by Lance D Johnson, BugOut News:
Forbes.com is quickly becoming one of the most discredited publications on the web. For 10 years, Forbes.com published the works of Henry Miller, a writer later discovered to be on Monsanto’s payroll, who published pro-Roundup propaganda for the site. Forbescurrently publishes articles by Kavin Senapathy, a paid biotech operative who routinely spews hate for organic food and farming, and bashes non-GMO food activists.
Now, a Forbes writer is attacking self-reliant individuals and calling them “delusional moochers.” The writer in question, Adam Ozimek, is a senior economist in the West Chester office of Moody’s Analytics. His article, Dear Homesteaders, Self-Reliance Is a Delusion, claims that people who live in rural areas are only “mooching off of the civil society.”
According to Ozimek, people who grow their own food, hunt and raise their own animals are “delusional” moochers. Those who know first-aid and who make their own remedies, are also “delusional” moochers. People who build furniture and fix their own homes are considered “delusional” moochers. People who generate and conserve energy are considered “delusional” moochers.
The Forbes writer, who is obviously the delusional one, says he is a “big fan of shows about doomsday preppers, homesteaders, survivalists, generally people who live off the grid,” but says that “off the grid people are not self-reliant” and are only “mooching off of the civil society, government, and safety net the rest of us contribute to.”
It’s hard to take this writer seriously, for the simple fact that his knowledge of self-reliance comes solely from watching TV shows. His biggest criticism of self-reliant individuals is that they may end up seeking medical treatment they can’t afford when they become “extremely sick.” He blames such individuals for potentially needing hospital care in the future and not being able to pay for it. He assumes that when all else fails, they will seek charity care or Medicaid benefits.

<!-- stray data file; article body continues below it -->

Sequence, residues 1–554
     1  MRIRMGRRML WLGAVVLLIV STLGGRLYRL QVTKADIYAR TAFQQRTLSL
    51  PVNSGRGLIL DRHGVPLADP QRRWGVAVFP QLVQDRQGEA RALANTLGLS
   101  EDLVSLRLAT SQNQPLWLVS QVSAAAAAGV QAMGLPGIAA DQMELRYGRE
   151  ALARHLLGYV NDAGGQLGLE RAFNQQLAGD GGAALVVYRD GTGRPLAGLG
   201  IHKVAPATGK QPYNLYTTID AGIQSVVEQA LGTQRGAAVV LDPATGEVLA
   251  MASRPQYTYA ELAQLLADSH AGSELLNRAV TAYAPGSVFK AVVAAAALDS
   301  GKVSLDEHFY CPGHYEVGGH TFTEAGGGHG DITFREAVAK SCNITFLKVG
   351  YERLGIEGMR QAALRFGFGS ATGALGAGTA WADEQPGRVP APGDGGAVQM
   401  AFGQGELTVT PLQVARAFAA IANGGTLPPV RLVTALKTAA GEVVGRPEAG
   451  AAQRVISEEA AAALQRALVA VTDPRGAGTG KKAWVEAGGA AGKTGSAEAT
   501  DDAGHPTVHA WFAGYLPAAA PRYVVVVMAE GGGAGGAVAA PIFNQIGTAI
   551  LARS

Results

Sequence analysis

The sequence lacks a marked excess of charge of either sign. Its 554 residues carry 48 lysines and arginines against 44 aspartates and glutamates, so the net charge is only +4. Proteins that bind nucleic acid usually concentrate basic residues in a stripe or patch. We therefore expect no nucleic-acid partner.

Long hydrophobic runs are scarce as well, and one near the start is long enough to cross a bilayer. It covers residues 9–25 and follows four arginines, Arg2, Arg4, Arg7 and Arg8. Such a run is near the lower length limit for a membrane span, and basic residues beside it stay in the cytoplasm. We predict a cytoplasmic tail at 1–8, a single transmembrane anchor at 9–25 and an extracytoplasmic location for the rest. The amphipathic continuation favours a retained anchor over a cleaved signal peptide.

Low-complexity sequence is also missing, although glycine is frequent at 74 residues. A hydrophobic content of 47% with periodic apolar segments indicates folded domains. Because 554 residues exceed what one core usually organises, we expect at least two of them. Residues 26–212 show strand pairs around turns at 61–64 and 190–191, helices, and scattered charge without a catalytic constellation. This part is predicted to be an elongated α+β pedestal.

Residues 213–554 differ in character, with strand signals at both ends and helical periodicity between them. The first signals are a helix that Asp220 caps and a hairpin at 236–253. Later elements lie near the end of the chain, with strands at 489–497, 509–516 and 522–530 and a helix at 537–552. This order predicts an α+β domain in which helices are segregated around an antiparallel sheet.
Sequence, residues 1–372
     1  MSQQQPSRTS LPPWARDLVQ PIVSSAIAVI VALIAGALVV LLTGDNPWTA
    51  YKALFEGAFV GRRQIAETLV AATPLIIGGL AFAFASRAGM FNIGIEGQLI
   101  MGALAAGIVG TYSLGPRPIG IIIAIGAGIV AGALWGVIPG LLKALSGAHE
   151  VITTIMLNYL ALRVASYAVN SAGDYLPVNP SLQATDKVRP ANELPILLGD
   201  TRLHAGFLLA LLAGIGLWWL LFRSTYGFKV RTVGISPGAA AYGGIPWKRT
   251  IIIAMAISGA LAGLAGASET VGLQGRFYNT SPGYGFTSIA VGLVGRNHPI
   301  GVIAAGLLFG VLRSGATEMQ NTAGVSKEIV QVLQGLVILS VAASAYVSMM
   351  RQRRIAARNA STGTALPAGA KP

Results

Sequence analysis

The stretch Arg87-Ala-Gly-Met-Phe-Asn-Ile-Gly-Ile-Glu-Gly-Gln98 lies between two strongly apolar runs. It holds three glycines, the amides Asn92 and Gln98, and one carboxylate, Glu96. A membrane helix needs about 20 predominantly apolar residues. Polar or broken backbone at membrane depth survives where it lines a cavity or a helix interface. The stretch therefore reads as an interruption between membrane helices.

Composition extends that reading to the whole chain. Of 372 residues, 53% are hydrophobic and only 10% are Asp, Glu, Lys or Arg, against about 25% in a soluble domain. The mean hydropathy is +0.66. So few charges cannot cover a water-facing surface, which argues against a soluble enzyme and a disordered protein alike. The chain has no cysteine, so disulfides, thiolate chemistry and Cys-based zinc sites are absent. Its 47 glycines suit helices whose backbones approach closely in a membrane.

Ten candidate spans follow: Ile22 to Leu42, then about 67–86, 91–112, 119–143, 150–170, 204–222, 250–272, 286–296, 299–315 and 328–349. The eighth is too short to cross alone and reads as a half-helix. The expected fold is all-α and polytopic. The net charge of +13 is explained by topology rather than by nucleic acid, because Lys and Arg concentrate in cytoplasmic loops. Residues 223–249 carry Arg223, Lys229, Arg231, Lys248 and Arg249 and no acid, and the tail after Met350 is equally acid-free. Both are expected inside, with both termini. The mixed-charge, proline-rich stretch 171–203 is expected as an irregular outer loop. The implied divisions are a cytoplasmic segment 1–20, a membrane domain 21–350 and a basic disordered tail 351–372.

One of the virtues of self-reliance is learning how not to depend on modern medicine and the medical system. An individual can quickly save tens or even hundreds of thousands of dollars on healthcare costs by simply learning how to eat better and treat themselves at home. Not to mention, learning how to take care of one’s own health saves time, energy, and mitigates the risks that come from taking side-effect ridden pharmaceuticals.
As an economist, Dr. Ozimek should be writing about all the ways in which self-reliant individuals save money on healthcare.
Instead, Dr. Ozimek stereotypes self-reliance, as if people who learn new skills are somehow separate from the rest of society and should not receive help if necessary. For some reason, he thinks that all thrifty, skillful individuals are exempt from paying property taxes, income taxes, sales taxes, gasoline taxes, and other fees when they participate in society, and therefore are not allowed to receive any services from society.
Homesteaders and self-reliant individuals are an asset to society because they are not draining society of resources. Their self-reliance is a gift to their community and country because they are not constantly seeking to take from others or receive handouts. Self-reliant individuals care about the poor because they do whatever it takes to provide, allowing welfare to be distributed first to the truly handicapped and sick. Self-reliance is less about consumption and more about producing. Self-reliance is not some title or achievement one reaches; self-reliance is something one is always striving toward. Self-reliance is the definition of personal responsibility. We should all strive for more independence and accept the personal responsibility that comes with it. The less we require from society, the less control these failing systems will have over our lives.
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